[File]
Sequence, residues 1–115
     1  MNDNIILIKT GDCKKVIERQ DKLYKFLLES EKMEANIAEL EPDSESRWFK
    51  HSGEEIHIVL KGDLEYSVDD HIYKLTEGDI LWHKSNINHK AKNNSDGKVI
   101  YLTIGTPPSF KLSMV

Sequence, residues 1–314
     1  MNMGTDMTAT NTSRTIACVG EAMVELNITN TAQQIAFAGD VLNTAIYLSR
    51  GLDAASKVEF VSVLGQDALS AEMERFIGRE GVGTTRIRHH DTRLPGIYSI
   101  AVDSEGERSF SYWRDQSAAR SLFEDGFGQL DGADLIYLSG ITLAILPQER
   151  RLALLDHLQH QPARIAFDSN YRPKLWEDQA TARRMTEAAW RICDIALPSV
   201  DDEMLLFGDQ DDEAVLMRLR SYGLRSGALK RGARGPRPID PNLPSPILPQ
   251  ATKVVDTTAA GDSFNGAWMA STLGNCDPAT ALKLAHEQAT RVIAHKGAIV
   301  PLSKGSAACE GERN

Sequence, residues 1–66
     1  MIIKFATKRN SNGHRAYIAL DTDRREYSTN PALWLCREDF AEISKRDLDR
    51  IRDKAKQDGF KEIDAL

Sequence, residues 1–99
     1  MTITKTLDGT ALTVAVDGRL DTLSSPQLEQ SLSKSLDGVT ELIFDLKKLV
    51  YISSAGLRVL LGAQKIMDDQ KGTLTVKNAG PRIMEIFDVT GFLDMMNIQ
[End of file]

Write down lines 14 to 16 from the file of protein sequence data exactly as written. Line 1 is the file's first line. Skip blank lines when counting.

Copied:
     1  MIIKFATKRN SNGHRAYIAL DTDRREYSTN PALWLCREDF AEISKRDLDR
    51  IRDKAKQDGF KEIDAL

Sequence, residues 1–99